Three Ways to Sneak Creativity… Where It’s Not WantedShare
You've put together a high-energy creative team but company leadership is squashing their creative process altogether. What do you do? Can you do anything?
You’ve done the work, developed a great team and aren’t short of creative ideas and explosive energy. It took you years to organically grow to this point. The team you manage has a passion to exceed expectations and sets the bar higher and higher every day, every week and every year, but there’s one problem: Your boss is a stick in the mud. It’s evident he doesn’t want creativity or the culture it brings, he just wants the results of it. He wants the Dyson without the 5,127 failures.
This month, I had the pleasure of speaking to the Minnesota AMA and during Q/A, I got an interesting question. A woman from the group asked what could be done when she had all the components in place, had a creative team, but management maintained their negative impact, discouraging the culture she had worked so hard to build up.
I have some good news and some bad news. First, the bad news. Unless leadership changes, this situation isn't likely to get better. It will continue to be an uphill battle... on ice... in a blizzard. But there is good news. There are some interesting, tested strategies I have observed through my years working with brilliant individuals. Their strategies can minimize the negative impact on your team, almost sneaking creativity where it's not wanted. The names have been changed to protect the creative.
1. Mark made it his bosses idea.
Mark was clever in his approach. Over time he simply fed his boss information to craft his bosses perspective. If there is one thing bad bosses like, it’s credit for good ideas. The challenge isn't about getting a boss to like an idea. The challenge is to get him or her to form the idea by his or herself. This sounds challenging but it doesn’t have to be impossible.
I’m a firm believer that there is no such thing as an original idea. All our ideas and perspectives are the result of who we interact with, the lessons we learn and the things we read. Therefore, keep feeding this to your boss when the time is right. It doesn’t have to be obvious, just continue sharing resources, allowing him or her to come to a conclusion on their own. Gift interesting books, email articles and keep magazine snippets. Keep in mind it may take them almost 1 year to latch on to the concept.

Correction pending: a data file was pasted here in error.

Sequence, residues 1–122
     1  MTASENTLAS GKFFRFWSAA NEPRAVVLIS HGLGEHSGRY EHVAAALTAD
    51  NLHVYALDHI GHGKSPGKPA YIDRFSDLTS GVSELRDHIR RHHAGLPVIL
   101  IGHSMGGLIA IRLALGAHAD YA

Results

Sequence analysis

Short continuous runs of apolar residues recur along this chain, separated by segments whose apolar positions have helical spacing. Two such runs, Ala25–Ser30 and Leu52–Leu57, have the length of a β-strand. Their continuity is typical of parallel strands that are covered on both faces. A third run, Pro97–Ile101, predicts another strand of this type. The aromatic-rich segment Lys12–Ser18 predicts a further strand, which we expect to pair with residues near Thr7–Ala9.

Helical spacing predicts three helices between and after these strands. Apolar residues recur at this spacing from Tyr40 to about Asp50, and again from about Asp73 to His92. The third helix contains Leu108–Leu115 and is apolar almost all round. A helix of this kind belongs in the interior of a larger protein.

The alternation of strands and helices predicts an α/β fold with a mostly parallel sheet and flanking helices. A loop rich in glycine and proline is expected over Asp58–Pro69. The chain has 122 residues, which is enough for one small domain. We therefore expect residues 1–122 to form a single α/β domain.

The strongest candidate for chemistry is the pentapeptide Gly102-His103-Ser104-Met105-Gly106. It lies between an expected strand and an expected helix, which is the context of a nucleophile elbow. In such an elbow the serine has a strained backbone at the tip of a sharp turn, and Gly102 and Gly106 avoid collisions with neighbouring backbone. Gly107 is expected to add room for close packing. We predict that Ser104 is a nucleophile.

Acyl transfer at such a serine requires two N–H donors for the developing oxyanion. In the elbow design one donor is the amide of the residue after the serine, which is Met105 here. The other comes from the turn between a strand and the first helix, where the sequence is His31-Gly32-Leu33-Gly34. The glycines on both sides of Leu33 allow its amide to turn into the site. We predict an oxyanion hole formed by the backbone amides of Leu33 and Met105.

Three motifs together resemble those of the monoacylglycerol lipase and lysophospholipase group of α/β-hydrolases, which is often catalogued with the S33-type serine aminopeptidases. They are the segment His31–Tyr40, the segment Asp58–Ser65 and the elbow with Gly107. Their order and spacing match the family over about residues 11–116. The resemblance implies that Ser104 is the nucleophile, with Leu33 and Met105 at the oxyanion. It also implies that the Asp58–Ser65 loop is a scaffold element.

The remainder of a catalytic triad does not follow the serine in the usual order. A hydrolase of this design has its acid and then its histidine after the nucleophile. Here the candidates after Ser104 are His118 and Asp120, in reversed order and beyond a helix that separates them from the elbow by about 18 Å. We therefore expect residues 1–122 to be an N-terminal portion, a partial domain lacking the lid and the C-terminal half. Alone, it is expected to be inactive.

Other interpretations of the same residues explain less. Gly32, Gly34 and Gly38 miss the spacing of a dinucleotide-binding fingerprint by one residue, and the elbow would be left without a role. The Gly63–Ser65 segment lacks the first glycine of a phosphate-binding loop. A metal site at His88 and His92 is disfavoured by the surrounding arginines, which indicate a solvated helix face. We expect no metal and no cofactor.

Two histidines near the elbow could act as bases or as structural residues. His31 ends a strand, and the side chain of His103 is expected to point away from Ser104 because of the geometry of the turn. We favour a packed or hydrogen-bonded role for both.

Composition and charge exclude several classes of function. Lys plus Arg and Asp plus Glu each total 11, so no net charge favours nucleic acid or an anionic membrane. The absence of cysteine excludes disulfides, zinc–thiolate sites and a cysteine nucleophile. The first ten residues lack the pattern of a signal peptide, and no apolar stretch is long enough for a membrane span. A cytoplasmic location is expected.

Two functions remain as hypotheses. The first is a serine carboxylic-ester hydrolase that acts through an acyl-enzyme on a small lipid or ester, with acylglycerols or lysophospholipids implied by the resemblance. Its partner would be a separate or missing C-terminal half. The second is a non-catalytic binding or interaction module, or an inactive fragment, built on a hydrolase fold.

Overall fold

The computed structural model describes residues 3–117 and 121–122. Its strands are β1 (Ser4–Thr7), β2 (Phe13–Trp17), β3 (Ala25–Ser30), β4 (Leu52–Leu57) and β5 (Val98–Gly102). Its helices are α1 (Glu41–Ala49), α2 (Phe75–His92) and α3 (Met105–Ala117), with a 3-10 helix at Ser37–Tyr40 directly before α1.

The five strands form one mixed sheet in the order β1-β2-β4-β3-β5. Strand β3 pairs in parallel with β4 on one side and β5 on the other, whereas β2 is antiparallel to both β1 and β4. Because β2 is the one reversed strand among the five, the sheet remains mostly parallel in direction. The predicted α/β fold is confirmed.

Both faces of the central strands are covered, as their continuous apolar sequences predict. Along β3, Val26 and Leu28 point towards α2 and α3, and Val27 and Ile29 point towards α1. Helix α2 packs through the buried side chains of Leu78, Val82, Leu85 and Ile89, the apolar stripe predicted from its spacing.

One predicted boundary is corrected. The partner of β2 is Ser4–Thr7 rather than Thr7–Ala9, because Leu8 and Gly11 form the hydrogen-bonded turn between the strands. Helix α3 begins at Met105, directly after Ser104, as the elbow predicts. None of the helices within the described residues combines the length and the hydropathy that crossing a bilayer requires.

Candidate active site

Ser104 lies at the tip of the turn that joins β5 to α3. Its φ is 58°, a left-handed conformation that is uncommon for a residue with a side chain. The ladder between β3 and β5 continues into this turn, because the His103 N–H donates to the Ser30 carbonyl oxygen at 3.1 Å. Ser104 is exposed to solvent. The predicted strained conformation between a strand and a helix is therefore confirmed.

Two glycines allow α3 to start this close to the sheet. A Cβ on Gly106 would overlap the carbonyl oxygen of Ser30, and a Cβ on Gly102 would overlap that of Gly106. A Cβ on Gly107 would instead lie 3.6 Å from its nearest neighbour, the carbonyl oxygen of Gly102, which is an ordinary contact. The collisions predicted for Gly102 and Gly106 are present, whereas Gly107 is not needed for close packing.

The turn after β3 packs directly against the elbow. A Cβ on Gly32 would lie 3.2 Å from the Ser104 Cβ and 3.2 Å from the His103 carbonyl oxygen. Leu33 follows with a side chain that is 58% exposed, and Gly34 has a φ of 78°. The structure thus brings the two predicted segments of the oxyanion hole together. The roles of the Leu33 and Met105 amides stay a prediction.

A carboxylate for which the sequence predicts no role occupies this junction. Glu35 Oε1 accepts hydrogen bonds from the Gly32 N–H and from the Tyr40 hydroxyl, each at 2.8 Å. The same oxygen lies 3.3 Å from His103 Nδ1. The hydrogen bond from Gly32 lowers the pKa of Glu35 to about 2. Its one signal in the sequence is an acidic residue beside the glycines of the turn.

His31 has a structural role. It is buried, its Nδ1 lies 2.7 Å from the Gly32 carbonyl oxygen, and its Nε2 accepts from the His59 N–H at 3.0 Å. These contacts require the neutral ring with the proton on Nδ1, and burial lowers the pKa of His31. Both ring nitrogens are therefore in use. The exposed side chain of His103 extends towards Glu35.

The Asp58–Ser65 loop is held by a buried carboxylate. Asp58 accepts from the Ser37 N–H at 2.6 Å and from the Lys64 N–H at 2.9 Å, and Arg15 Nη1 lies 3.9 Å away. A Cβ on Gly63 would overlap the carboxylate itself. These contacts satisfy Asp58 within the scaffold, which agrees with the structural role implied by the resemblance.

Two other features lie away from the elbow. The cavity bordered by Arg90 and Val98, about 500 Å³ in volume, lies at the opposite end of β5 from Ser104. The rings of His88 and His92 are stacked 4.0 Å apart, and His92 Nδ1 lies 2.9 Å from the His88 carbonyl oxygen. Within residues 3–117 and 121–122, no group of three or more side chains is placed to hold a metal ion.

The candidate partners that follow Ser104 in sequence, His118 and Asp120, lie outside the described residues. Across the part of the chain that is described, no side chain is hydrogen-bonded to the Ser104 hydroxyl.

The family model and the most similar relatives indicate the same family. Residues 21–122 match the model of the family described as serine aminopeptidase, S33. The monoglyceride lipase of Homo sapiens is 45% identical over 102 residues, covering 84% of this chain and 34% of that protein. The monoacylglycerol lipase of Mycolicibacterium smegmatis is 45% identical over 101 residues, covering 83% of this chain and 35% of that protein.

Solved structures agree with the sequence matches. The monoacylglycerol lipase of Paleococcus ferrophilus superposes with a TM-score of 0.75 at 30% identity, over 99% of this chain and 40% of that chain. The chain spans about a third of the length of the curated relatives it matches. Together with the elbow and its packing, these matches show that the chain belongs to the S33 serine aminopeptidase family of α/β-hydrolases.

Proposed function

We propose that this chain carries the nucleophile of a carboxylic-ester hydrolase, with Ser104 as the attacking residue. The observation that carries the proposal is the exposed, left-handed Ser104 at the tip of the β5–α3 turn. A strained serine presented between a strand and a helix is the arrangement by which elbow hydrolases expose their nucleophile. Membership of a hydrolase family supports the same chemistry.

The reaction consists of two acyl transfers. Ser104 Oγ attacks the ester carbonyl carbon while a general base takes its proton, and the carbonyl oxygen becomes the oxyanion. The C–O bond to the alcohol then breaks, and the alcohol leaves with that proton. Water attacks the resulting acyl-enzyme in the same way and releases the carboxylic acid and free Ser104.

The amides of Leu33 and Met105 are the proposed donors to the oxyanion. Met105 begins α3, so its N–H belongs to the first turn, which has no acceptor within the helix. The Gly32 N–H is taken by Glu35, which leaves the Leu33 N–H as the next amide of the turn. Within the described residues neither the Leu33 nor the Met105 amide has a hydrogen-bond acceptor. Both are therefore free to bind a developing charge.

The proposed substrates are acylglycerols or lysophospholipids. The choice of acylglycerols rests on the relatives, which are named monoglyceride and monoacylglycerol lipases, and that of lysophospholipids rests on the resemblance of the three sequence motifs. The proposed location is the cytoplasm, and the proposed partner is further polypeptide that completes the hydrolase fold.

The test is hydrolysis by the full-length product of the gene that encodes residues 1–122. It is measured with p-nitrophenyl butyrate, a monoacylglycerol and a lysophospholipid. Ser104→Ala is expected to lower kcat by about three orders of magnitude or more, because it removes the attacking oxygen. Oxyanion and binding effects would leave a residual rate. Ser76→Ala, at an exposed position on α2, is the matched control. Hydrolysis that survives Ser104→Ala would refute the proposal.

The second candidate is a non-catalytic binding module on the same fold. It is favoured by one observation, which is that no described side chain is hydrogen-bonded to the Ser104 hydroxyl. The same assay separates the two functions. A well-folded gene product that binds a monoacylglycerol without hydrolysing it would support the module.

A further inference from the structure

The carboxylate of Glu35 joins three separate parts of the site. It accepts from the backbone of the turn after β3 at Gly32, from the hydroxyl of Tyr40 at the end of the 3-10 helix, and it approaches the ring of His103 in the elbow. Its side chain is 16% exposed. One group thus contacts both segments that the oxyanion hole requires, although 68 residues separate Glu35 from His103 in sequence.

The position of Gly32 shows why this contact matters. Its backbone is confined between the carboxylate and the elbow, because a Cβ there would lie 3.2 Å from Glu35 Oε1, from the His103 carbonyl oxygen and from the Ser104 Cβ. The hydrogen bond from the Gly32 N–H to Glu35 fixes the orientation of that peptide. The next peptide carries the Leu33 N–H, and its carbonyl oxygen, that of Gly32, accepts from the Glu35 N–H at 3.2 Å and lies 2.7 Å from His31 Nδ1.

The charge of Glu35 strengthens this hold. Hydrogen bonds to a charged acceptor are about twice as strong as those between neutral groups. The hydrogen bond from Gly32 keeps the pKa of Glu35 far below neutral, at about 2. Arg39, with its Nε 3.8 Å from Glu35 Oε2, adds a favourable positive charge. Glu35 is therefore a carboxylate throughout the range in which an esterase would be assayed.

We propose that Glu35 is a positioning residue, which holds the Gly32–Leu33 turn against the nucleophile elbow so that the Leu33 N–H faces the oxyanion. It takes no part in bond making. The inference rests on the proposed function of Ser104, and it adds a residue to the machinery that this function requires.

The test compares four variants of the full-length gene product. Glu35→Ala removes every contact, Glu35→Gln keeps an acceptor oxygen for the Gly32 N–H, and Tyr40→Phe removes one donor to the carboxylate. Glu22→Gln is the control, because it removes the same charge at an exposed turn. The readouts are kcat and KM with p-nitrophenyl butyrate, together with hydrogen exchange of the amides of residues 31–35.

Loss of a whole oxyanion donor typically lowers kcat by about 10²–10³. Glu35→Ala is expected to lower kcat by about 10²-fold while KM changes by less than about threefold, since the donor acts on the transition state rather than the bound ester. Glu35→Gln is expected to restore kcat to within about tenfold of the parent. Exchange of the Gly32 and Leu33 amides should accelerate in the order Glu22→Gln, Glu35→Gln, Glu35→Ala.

2. Jeff shielded his team.
One of the smartest ways I’ve seen to deal with this challenge I observed from a sales VP of a hotel ownership company. HIs name is Jeff and he managed to build an incredible team that achieved amazing results despite toxic leadership. What he did was simple. He shielded and protected his team.
When hired, he told his superiors that they would, under no circumstances, contact his team. Any praise, any correction and feedback whatsoever would go through him and only him. If the team performed poorly, he asked to be fired before they were allowed to be contacted. Simple. His approach worked, the team was healthy and powerful, until Jeff was recruited away. The moment he left, the entire team was gone in 6 months either leaving voluntarily or being kicked out the door. The shield was gone.
Jeff’s approach requires you to be the sacrifice if things go wrong, but it may be the only way to protect your team and your results.
3. Matt asked for forgiveness, not permission.
I've seen some leaders operate with great success even in rigid organizations by simply throwing the rule book out completely. One particular gentlemen, Matt, simply did what was best for his customers and employees, almost completely disregarding "the policy." Before the corporate rulers figured out what was going on, they were already benefiting from his results. In effect, Matt showed them the solution before they knew about the 5,127 failures. Faced with Matt's division growing at unprecedented rates, his rulers were given one of two options: Promote Matt and continue the successful pattern or fire Matt and lose the progress. They chose to promote.
Ok, look. Creativity shouldn't be something you have to sneak at all. When dealing with a hesitant or fearful boss the best approach is always to change attitudes, hearts and minds. When that isn't an option and finding an organization that better fits you also isn't an option, it may be necessary to turn to Matt, Mark and Jeff and get ready to join their ranks of sacrificial leadership. Your team depends on you.
Justin Brady likes to write, speak and work with loving leaders on how to organically cultivate creativity in their organization. Find him on Twitter @justinbrady. This piece and others like it can be found on his blog.